A lot of ink has been spilled about Auschwitz, and when I visited I felt that whatever I said, my words would be just too many. Having read Primo Levi's Survival in Auschwitz only a few months before, my memory was still fresh about the description of the places and life in the camp, and also the social dynamics that established themselves among the inmates. That extraordinary account depicted something that is no more, but lives on in our collective memory as the horror of contemporary history. The former extermination camp is now the domain of free-willing visitors rather than a place of confinement, but the stern brick buildings, now vacant, still stand to tell their appalling story.
What took place there is so hard to believe that the current of revisionist "intellectuals" has ridden the wave to culpably negate what was declared by survivors, documented by witnesses' accounts and admitted by the very perpetrators. I once had the disagreeable experience of talking with a man from Gaza who supported this thesis: I concluded in disgust that with such people it's not even worth arguing.
As the guide provided the macabre description of the facilities, my feeling was that I needed to take it in by myself – if only I had been allowed to visit independently. Sometimes I strained to hold back the tears that filled my eyes, I wanted to let my emotions surface, feel them and let them subside. I wished I could be left alone and meditate on the site, on my own. So, when the group visit was finally over I returned to stroll among the buildings surrounded by the ominous double fence of electrified barbed wire, and let my imagination fill the vacuum that reigned over a disused place, kept alive only by battalions of harmless tourists. Without the guide's intermediation the camp talked to me and I was again swamped by a surge of feelings.
There were several blocks whose corridors were hung with three rows of framed black-and-white pictures, hundreds of them. I paced slowly to gaze at each face in the portrait gallery. With ruthless fastidiousness every prisoner was photographed on the day of internment. Each portrait showed birth date, profession, and death date. I could quickly work out the age and the duration of imprisonment, but more touchingly I could scrutinize those faces and hear from each the story of their owners. Some had a candid look, some a rascal's appearance, some eyes betrayed a life of hardships, other showed learnedness and high standing. My boggled mind stranded trying to imagine their lives before they were apprehended, their family relations, they place of work, their former experiences – all was written in their expressions, in the creases of their wrinkles, on their open foreheads, in their innocent eyes. Whatever their paths of life, all were doomed to converge in a place of torture and death.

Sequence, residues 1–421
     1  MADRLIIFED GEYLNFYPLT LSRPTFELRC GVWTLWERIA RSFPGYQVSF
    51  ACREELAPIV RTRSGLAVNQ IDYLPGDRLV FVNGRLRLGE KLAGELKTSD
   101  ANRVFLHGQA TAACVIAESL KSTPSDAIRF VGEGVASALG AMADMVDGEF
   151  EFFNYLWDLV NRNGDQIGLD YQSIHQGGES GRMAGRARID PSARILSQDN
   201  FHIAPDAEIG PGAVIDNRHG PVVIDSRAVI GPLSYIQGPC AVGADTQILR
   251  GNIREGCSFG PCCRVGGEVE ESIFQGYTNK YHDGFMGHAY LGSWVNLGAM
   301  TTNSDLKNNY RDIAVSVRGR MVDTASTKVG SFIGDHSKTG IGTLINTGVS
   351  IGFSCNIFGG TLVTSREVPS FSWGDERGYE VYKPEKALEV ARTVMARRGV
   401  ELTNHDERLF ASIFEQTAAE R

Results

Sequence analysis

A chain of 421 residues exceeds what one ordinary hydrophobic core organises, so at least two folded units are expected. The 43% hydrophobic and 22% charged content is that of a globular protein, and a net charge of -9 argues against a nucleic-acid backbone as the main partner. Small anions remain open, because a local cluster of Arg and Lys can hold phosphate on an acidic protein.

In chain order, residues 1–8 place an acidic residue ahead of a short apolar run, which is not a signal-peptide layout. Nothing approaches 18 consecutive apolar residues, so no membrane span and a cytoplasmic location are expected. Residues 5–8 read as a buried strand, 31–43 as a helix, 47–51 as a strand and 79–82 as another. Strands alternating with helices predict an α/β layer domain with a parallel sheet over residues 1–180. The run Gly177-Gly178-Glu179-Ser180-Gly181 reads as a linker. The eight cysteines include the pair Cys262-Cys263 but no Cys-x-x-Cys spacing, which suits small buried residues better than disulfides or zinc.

Another strong moment was when I reached the much bigger camp of Birkenau. As I crossed the entrance gate, along which passes the railway line, I saw a group of people huddled together singing aloud. I thought how inappropriate of them to desecrate a place of memory with a braggart's act. But as I drew near them I saw some were wearing a kippah or an Israeli flag over their shoulders, and by the time I was abreast of the group, those young people, still embracing one another's shoulder, had reached the end of what had sounded like a national anthem and were slowly walking towards the gate, following the rails, now intoning a sad song. I didn't need to put myself in their shoes to feel the poignancy.
A week later I watched my photos one evening. When I got to the ones of Auschwitz I had the idea to play the Nazi song Die Fahne hoch. An abyss opened between the playful march and the evidence to the crimes committed by the most aggressive form of racism history has ever known. How many people were duped into following blindly, or guiltily. The music played on and the images reeled in front of my eyes stirring the biggest sense of incomprehension. Why? was the only reaction I was able to voice.